Guest Blog: A legal scholar's view on Wednesday's Supreme Court case
Kinnari Bhatt is Vice-Chair of UK Chagos Support Assocaition and is also a highly regarded schloar currently compeleting her PhD on issues related to Chagossian identity in exile. The views she expresses about the upcoming Supreme Court case are her own and not necessarily the settled view of UK Chagos Support Association.
Within the Heart of Darkness, a glimmer of hope: An Unhappy Legacy of Colonial Injustice and the Implications of Chagossian return
‘He who commits injustice is ever made more wretched than he who suffers it’ - Aristotle
‘Injustice anywhere is a threat to justice everywhere. We are caught in an inescapable web of mutuality, tied in a single garment of destiny. Whatever affects one directly affects all indirectly’. Martin Luther King
‘Justice is far from being a natural concept. The closer one goes to the state of nature, the less does one find’ –Robert Megarry
Inscribed in the library of our very own Supreme Court are these spirit-stirring quotes: a solemn reminder to judges of their role in disseminating justice at the highest echelons. In legal speak: to deliver a morally and ethically sound rule of law, hold government actions to account, uphold core human rights and to apply the law equally and fairly to all. The Supreme Court is the final court of appeal in the UK for civil cases and charged with hearing cases of the greatest public or constitutional importance. In legal speak: to deliver a morally and ethically sound rule of law, hold government actions to account, uphold core human rights and to apply the law equally and fairly to all.
As we await Wednesday's Supreme Court’s ruling on the Chagossians’ fight to return to their homes, we are reminded of the essential message within those inscriptions: that laws were made to prevent the strong from always having their way. The dispossession of the Chagossians exposes a dark chapter characterised by enduring colonial thinking rooted within the corridors of Whitehall. Ironically 2015 was the 800th anniversary of the Great Magna Carta, widely considered to be of special constitutional importance as part of the uncodified constitution of the UK and which states that no free man shall be exiled.
Britain rightly holds values of democracy, the rule of law and human rights close to the heart of its national identity. We celebrate the successes: the signature of the Magna Carta by King John at Runnymede, the abolition on the slave trade, the fight against Nazi Germany, the subsequent birth of the international human rights regime and self-determination rights of British citizens in the Falklands. Yet in the shadow of these campaigns lurks a wicked episode of British oppression, forced eviction, subversion and denial which continues to prevent the return of around 2000 British citizens to their native home.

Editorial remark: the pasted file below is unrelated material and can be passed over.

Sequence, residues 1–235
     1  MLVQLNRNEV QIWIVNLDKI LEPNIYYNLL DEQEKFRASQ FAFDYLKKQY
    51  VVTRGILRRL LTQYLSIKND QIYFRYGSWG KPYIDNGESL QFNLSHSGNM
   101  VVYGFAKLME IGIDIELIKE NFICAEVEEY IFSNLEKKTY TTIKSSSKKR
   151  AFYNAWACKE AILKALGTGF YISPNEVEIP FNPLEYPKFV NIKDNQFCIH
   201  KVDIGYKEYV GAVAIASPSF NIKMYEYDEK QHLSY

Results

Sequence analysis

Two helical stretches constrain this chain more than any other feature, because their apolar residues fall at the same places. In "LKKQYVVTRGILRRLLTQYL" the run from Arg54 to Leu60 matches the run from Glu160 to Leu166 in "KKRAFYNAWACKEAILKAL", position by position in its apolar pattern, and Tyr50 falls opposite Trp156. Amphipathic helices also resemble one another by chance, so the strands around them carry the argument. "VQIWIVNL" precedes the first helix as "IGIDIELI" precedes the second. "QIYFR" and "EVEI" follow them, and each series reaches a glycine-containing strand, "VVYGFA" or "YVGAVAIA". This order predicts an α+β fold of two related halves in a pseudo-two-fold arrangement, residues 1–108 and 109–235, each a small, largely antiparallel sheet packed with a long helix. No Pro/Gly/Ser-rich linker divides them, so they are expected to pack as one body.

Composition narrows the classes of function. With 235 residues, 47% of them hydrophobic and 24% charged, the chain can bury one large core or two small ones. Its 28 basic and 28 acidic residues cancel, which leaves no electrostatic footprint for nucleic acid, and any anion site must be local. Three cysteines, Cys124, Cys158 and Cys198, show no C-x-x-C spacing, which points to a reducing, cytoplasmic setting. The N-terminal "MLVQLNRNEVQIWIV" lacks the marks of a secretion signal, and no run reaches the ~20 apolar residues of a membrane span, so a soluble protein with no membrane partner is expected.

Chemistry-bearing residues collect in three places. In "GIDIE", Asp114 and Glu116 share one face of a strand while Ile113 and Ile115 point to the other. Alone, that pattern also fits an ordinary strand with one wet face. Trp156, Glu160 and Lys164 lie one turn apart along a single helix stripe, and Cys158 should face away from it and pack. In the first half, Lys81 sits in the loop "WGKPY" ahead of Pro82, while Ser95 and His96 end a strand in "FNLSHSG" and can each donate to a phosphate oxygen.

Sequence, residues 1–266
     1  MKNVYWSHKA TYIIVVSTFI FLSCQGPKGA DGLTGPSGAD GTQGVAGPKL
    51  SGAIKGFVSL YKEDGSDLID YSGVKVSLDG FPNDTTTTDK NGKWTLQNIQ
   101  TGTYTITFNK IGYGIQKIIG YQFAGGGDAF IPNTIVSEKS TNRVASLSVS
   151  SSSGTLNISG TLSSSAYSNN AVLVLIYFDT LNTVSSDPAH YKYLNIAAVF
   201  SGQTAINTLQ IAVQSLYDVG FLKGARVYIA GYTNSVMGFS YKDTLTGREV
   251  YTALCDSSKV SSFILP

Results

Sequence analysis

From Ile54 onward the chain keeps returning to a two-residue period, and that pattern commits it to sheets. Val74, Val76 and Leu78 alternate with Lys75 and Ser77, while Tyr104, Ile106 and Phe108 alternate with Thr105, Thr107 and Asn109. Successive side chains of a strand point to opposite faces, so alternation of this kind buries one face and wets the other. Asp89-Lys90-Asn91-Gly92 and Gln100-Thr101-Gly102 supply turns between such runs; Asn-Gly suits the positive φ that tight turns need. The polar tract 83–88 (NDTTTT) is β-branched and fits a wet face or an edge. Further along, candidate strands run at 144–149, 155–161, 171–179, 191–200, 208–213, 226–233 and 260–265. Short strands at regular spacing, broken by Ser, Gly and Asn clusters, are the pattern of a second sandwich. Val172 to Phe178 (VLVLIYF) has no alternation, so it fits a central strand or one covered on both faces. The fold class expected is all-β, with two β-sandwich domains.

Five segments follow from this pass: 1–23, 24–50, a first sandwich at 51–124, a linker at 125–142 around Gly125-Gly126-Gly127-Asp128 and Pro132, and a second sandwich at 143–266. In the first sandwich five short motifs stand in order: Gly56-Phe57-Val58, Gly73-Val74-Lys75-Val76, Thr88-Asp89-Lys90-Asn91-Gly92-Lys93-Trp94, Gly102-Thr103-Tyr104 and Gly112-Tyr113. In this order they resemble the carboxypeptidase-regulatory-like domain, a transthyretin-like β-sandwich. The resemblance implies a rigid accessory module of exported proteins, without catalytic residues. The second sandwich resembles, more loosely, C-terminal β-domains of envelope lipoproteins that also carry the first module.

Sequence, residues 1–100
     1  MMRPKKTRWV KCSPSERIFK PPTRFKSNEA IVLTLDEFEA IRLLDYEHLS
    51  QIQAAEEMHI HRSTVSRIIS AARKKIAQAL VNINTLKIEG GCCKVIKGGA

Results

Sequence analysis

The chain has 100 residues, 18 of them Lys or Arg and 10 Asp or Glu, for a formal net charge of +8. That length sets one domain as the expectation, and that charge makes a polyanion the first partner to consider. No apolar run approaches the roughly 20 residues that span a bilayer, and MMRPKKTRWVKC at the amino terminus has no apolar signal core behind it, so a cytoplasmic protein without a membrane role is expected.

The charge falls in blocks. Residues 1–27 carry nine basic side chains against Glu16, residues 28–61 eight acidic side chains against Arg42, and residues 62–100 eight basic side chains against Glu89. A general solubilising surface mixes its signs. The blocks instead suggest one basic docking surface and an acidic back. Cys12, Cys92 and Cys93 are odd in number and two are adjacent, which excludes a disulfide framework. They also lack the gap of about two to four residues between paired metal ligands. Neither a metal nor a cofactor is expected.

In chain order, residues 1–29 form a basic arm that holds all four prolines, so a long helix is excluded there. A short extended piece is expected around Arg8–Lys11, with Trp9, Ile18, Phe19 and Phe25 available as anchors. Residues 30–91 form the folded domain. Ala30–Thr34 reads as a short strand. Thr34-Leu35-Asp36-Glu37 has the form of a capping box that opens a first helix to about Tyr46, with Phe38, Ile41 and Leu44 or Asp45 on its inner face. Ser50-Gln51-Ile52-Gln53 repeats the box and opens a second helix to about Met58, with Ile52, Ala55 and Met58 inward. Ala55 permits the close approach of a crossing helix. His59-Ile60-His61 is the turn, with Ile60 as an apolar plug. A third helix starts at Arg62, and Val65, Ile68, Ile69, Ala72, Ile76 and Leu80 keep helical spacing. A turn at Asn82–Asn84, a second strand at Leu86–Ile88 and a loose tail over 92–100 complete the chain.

That home is the British territory in the Chagos Archipelago, formally known as the British Indian Ocean Territory. Like the Falklands, Bermuda and Gibraltar, Chagos is a British overseas territory and like those places it too has strategic military garrisons. Once it too had a settled and permanent population of people: the Chagossian people, who had lived on the Islands for many generations being brought from Africa by the British, Dutch and French during the colonial period to work in copra plantations.
Yet unlike the Falklands, Bermuda or Gibraltar, Chagossians were expelled on the basis of military interest and in spite of a former US Assistant Secretary of Defence Lawrence Korb seeing “no military reason” for their expulsion and similar remonstrations from senior law lords within our own judicial system.
So how did this expulsion, which seems to undermine fundamental rights come to pass? The answer lies in the obscure and anachronistic use in this case of Royal Prerogative powers or Orders-in-Council: powers which do not require Parliamentary approval. In the case of the Chagossian people, they are powers which allowed the UK Government too arbitrarily and without prior legal precedent, exile inhabitants from their home, property and possession in contravention of basic constitutional rights of abode and human rights.
The repeated use of the same royal powers to thwart the return of a small group of already impoverished British citizens treating them as disposable subjects, unworthy of basic rights and fair dealing, continues today.
In 1966 the US and UK Government signed an agreement which allowed the US military to use Diego Garcia, the largest of the Chagos Islands, for 50 years. The agreement was implemented through royal prerogative powers thus bypassing public debate. As part of that deal the UK agreed to remove all Chagossians from their homeland. The UK also received an £11 million discount on the joint UK/US Polaris nuclear weapons system. From the late 60s an egregious policy of dispossession was deployed.
British officials began restricting food and medical supplies to the islands, so more Chagossians were forced to leave as supplies dwindled. Just before the last deportations, British agents and US troops on Diego Garcia herded the Chagossians’ pet dogs into sealed sheds to gas and burn them in front of their traumatized owners (described by Chagossian exile Bernadette Dugasse in the video the left).
As part of its cynical policy at dispossession the government avoided its international legal commitments by similarly dishonest means. Under the ‘sacred trust’ provisions of the UN Charter, the UK was required to consider as paramount the interests of any settled inhabitants of a territory it administers.